- Laura Kelly Fanucci: various
- April Hoss: For This Child, I Have Puked
- Sarah Jobe: Creating with God: The Holy Confusing Blessedness of Pregnancy
I’m a native Floridian. I’m also a professional worrier, so my mind last week was on Irma a lot, praying for friends and family in its path.
And coming after Hurricane Harvey, which probably elicited a Hail Mary or two from me, or the fires out West, which pretty much flew under my radar, I’m feeling some guilt about my completely arbitrary distribution of compassion.
I was talking about this with a friend recently, who at the time was fretting about what Hurricane Irma might do to her Outer Banks vacation, and of course feeling guilty about that, when so much greater suffering is occurring as a result. After all, while a hurricane might obligingly spin out to sea and leave everyone untouched, generally, if you’re praying for the safety of one set of people, you’re sort of sacrificing other sets who will end up in the storm’s path instead.
While we were talking, though, over breakfast in our church’s basement, she pointed to a poster with the photos of current seminarians in our diocese. She admitted that each year, as she comforted unruly babies during Mass, she’d pick, at random, one of the seminarians and pray for him over the course of the year. (I love this idea, don’t you?)
And suddenly, the arbitrary allotment of prayer didn’t seem so selfish. We are human; we are finite. (News fatigue is a thing, after all.) We form a connection, as deep as the third-generation Florida blood that runs in my veins or as serendipitous as a face chosen at random off a poster, and we devote our efforts deeply, if not broadly.
It’s the same reason, after all, that since returning from Uganda in 2009, J and I have devoted much of our (admittedly often limited) philanthropy and prayers to Uganda. We only spent six months there, almost ten years ago, but I have a bit of a better context to focus my prayers and guide my financial giving: I know the towns where the people we fund through Kiva live; I know bits of the Lhukonzo our Compassion International child speaks.
I can’t care as deeply for everyone affected by natural disaster as those living in the landscapes in which I’m mostly deeply rooted; I cannot grieve the losses of every child the way I pray for my Compassion child in the loss of his father. That’s not to say I can’t care more, pray more, give more — I have a very long way to go! It’s only to say that you have causes, and I have causes, and if each of us in the world take up a few causes of our own, dear to our hearts, and nourish them well, that might be a good starting place. Breaking the world into small, meaningful chunks and loving those around us as best we can — that seems like a plan we can just about manage.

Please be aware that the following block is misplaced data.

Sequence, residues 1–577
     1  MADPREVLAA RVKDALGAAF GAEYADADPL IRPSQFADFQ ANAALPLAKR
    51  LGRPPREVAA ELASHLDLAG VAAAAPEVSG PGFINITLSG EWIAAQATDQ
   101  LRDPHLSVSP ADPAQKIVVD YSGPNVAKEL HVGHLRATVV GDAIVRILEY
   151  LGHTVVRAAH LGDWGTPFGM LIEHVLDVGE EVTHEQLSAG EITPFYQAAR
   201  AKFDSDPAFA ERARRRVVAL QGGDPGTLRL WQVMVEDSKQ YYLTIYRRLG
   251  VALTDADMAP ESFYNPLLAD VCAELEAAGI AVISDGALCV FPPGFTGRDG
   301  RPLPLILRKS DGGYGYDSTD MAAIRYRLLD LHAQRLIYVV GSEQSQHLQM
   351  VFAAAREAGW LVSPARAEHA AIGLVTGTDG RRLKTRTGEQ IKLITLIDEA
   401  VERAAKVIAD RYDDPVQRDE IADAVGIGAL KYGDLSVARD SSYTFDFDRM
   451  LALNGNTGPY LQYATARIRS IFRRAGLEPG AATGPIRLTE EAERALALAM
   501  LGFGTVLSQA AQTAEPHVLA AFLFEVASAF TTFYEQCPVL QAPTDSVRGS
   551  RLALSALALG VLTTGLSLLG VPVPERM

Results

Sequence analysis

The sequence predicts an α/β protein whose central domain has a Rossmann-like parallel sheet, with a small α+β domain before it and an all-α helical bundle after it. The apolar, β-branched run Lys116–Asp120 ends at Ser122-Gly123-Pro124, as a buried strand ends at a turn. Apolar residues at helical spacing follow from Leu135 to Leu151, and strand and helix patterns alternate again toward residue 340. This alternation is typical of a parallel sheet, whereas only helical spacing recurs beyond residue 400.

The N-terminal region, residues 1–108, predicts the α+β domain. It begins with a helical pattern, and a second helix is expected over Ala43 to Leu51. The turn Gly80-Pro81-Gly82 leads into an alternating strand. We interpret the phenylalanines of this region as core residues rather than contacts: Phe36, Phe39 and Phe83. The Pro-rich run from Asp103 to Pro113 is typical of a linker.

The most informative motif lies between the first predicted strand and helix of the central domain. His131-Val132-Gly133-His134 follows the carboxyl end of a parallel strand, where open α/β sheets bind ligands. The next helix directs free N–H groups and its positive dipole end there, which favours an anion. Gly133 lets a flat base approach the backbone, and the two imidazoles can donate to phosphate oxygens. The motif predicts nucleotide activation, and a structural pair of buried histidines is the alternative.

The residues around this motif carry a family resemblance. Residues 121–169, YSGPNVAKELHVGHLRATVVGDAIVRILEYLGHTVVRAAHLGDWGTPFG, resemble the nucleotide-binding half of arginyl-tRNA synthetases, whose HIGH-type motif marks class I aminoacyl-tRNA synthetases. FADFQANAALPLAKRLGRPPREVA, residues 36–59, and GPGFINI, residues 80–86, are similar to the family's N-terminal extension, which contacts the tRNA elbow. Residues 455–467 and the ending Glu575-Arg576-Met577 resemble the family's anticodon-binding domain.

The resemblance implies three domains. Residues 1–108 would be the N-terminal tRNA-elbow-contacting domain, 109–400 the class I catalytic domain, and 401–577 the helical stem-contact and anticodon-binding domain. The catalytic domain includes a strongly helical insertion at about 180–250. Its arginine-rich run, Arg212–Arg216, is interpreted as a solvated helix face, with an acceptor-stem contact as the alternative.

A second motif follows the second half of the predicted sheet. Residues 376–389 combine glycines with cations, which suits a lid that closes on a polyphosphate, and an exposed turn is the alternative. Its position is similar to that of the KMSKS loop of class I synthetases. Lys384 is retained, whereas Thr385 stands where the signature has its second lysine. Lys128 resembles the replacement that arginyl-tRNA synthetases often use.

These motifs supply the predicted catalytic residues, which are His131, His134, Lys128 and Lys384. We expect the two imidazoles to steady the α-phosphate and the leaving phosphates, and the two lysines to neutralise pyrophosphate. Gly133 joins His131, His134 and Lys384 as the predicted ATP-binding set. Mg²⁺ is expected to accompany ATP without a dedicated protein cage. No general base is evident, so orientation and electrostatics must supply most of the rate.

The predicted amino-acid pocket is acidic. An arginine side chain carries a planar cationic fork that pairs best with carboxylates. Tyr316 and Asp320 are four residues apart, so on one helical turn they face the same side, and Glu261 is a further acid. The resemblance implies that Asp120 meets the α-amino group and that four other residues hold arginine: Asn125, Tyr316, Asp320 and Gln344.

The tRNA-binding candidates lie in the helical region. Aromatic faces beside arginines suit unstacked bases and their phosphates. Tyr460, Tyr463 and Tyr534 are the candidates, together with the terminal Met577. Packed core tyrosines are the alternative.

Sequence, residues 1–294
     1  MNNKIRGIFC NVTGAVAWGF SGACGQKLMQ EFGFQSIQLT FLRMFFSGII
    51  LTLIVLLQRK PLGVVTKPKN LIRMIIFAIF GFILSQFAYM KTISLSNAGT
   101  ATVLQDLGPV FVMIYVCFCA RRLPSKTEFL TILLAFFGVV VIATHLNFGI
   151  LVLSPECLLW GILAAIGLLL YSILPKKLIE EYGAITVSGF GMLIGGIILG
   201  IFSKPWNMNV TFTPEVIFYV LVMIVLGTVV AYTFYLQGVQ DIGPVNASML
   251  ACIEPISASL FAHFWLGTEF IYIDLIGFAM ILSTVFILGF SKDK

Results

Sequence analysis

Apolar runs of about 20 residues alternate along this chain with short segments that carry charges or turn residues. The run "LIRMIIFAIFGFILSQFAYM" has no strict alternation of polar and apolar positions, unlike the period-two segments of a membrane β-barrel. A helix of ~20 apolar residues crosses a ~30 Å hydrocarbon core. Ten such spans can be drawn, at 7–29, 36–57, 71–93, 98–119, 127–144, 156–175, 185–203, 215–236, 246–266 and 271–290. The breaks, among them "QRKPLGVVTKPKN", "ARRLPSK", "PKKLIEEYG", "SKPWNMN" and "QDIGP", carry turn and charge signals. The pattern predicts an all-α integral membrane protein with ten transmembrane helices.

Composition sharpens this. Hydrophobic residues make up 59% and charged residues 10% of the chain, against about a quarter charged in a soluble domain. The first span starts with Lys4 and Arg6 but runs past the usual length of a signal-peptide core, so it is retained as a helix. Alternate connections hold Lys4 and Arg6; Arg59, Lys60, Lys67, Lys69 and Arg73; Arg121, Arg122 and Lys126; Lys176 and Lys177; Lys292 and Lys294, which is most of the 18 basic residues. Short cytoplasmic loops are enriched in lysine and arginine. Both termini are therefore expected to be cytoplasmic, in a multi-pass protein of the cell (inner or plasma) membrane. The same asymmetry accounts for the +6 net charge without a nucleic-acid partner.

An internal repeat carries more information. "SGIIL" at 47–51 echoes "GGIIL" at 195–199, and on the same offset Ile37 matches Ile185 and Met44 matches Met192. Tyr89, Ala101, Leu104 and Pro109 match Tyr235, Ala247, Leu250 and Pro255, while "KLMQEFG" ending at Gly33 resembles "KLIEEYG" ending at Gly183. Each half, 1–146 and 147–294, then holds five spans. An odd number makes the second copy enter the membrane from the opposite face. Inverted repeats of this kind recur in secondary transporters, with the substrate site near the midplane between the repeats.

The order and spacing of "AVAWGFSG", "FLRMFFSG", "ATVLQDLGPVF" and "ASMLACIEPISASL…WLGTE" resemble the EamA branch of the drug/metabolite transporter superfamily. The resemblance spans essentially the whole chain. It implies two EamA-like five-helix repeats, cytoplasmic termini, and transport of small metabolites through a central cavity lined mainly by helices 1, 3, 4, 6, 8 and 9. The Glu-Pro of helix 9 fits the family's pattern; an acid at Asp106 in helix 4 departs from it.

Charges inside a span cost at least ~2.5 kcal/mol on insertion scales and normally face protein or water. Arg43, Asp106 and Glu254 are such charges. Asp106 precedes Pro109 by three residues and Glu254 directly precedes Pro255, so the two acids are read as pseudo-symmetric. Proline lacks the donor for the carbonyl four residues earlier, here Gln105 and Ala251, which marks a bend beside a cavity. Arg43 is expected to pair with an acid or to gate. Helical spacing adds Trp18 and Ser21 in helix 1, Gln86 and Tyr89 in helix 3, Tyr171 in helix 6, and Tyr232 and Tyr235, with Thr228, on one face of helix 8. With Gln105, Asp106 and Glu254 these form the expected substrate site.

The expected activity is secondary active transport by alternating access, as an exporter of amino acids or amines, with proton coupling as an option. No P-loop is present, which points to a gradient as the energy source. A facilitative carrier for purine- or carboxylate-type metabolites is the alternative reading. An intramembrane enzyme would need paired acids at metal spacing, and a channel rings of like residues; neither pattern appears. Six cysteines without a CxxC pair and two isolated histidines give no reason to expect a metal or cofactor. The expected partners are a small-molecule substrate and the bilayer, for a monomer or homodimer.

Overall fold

This year I found myself in an overstuffed car on Epiphany, brimful with Christmas gifts and children and a dog and spilled Apple Jacks. I had worn second-day tights to the early Mass in Oak Ridge, Tennessee, that morning, and we’d stepped delicately over ice to load up into the car, and finally, after three weeks of travel, we were on our way home.
I’m not sure I ever noticed Epiphany before I became a mother, but when he was a baby, Pippin’s godmother thrifted him a copy of The Third Gift, which at first mostly caught his attention because the protagonist looked to him like Aunt Beca. (At the time she was sporting a pretty great pixie.)
The plot is merely a footnote or preamble to Epiphany: the life of a boy who apprentices his father in the collection of myrrh, and how some of that myrrh is sold to strangers from far away. It’s simple and lovely, and brought to life Epiphany for me in a new way, especially Bagram Ibatoulline’s concluding illustration: a little cave-like barn, on the horizon, the glow of the city; and in the barn, clustered haphazardly, mysteriously, those central figures we’ve seen all Advent, all of it looking like chance.
The story of the three kings has a sort of quiet fairytale beauty after the high drama and tinsel of Christmas, doesn’t it? That frisson of fear with big, bad King Herod looming. The mysterious star, the moonlight. Strangers on a strange landscape. An improbable meeting. Everything pointing to a future no one yet understands.
And maybe it was thinking about the little myrrh-gatherer that made the thought occur to me, but what became of those gifts? If Jesus is truly the child of the poor, a soon-to-be refugee, are the gifts hocked on the run to Egypt? Or do they later fund his ministry? Are they given to adorn the Temple? Or do they endure in secret long past Jesus’s death, tucked away in a basket, pored over by she who pondered these things in her heart?
In this little episode, we get all the otherworldliness and everydayness that is Christ among us. And we get Epiphany on the tail of our own gift avalanche, with its enduring tokens of far away people who love us, crammed inelegantly into our humble, aging car, pointing to the magic and beauty that lingers in the chaotic Christmas aftermath.
“It doesn’t have to be running,” the midwife reminded me cheerfully. “It can be any kind of exercise you like.”
But that’s the point. There is no kind of exercise I like. It turned out my resting pulse was a little high, and anyway, I’d been fighting the conviction for awhile. And so running it is.